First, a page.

Which leads to Taymor’s second question: If Oberon (David Harewood) and Titania (Tina Benko) are essentially the parents in the forest, then who is Puck? [Read more →]
December 5, 2013 No Comments
Inside the choreography in Broadway’s Beautiful
With a canon that includes “I Feel the Earth Move,” “You’ve Got a Friend,” and “(You Make Me Feel Like) A Natural Woman,” Carole King is one of rock’s most iconic singer-songwriters. Now her journey from Brooklyn girl to Grammy-winning superstar is being shared onstage in the new Broadway musical Beautiful, which is in previews at the Stephen Sondheim Theatre.
And while you might not automatically equate King’s style with dancing, her music was indeed produced amidst a swirl of movement (think of the pony, the twist, and those gentle side sways during ballads). As they developed their material for Beautiful, choreographer Josh Prince and associate choreographer Alison Solomon worked to create moves that would both honor this era and make sense on the Broadway stage.
“The story of Carole is that of a composer at the piano, so the dance is clearly about singers who move well; the dance needs to support their vocals and be, most importantly, true to the period,” says Prince. “I wanted to avoid anachronistic aspects, but still explore a romanticized, theatricalized version of the era.”
Before rehearsals began, Prince tested a variety of moves through his own project, The Broadway Dance Lab. (Founded in 2012, the Lab offers choreographers time and space to bring in dancers and create work without the pressure of looming deadlines.) “The more you practice, the more you can explore different elements, like timing, vocabularies of movement, and patterns,” he says. “You learn your own sensibility, and then when you’re working on an actual project, you have a technique and perspective you can rely on. I’m a big fan of simple gestures making a strong statement. I was able to investigate that at the Lab, and I’ve used that repeatedly in the show.”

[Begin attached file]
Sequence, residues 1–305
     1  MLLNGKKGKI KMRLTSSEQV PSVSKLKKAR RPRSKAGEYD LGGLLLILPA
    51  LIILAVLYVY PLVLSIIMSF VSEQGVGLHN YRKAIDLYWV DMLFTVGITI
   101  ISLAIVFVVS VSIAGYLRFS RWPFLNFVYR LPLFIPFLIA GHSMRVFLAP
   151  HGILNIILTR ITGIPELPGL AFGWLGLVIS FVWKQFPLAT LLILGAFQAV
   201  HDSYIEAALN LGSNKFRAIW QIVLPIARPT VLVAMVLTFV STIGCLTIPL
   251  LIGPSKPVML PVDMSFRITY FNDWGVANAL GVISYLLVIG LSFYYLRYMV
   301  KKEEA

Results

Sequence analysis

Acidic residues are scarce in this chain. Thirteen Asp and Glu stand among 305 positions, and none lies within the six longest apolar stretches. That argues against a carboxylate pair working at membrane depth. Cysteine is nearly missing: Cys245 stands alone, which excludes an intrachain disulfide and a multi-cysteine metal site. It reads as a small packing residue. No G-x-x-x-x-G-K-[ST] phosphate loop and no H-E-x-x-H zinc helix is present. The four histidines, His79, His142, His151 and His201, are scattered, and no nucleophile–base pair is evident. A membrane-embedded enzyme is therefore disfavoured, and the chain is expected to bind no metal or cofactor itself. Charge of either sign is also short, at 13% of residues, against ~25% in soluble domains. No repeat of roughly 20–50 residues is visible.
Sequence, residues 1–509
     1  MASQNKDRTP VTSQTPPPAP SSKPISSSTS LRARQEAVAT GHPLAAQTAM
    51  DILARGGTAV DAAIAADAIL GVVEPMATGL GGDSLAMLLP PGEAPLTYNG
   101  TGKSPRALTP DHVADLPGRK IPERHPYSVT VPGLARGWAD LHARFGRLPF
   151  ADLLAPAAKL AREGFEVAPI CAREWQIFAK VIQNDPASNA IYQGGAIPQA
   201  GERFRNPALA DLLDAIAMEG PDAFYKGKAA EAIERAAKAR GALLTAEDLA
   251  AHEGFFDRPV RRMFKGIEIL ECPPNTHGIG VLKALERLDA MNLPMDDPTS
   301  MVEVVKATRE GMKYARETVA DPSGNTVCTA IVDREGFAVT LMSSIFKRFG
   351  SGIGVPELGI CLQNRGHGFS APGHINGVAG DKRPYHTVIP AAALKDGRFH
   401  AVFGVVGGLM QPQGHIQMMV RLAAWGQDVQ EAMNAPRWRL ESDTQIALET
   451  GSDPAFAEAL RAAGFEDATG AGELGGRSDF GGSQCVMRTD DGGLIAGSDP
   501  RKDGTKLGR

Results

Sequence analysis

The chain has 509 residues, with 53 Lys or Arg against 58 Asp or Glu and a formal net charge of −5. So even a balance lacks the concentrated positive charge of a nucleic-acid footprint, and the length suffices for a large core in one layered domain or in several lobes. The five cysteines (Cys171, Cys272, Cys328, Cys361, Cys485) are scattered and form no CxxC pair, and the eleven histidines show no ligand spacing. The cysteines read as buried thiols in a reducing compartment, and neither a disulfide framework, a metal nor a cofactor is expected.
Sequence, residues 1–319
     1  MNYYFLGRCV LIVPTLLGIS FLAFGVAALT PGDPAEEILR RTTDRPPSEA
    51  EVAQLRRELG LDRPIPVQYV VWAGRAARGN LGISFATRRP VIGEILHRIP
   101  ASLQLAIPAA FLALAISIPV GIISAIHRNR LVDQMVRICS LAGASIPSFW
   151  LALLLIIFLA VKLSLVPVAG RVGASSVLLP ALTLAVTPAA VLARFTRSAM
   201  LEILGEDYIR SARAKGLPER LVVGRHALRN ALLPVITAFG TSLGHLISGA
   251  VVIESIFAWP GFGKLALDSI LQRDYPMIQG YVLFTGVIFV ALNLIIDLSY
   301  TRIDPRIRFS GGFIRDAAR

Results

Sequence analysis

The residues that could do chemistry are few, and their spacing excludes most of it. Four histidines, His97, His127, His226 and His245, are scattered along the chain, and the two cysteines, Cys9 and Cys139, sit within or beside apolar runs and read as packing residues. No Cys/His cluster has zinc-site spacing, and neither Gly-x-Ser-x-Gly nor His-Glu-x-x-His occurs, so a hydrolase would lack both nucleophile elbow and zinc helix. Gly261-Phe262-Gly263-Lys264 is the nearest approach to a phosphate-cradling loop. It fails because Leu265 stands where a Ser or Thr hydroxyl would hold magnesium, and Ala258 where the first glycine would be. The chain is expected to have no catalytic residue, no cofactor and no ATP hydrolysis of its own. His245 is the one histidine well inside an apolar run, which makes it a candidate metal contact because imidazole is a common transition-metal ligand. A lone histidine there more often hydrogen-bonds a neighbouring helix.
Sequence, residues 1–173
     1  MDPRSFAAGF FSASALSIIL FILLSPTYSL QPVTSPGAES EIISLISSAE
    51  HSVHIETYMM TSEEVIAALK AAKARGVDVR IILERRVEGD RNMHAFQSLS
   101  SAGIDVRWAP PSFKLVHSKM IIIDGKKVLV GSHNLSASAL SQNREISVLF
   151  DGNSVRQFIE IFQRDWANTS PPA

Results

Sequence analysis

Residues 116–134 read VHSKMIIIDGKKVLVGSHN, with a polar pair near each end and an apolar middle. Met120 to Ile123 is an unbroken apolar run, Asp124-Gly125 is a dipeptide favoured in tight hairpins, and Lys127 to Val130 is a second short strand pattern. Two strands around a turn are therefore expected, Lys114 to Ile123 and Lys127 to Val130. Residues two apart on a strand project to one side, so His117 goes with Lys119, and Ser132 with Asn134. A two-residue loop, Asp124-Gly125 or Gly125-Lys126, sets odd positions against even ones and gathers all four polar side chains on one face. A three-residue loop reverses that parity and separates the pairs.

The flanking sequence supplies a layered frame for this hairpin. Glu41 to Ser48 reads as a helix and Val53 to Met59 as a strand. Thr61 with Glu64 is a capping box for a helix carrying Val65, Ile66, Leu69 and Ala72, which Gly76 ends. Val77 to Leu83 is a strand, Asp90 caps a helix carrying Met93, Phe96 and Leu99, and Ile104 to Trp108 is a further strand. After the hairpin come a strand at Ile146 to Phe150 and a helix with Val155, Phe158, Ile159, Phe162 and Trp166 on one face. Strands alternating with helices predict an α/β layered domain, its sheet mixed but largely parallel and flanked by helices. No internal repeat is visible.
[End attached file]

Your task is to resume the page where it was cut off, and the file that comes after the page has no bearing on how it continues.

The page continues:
To manage Beautiful, Prince needed an associate choreographer like Solomon. Responsible for everything from writing the “bible” (a written record of all the movement in a show) to giving dancers notes and training the dance captain, the associate is essentially the choreographer’s right hand. “The best associates get into your head and guess what you want,” Prince says. “For instance, during [one performance], Ali and I went into the lobby during the show and re-choreographed a number in the mirror. She adds ideas and also reminds me, for example, everyone on stage right is on a different foot. Sometimes I can just look at her and know it’s not right from her input. That’s invaluable.” [Read more →]
December 3, 2013 1 Comment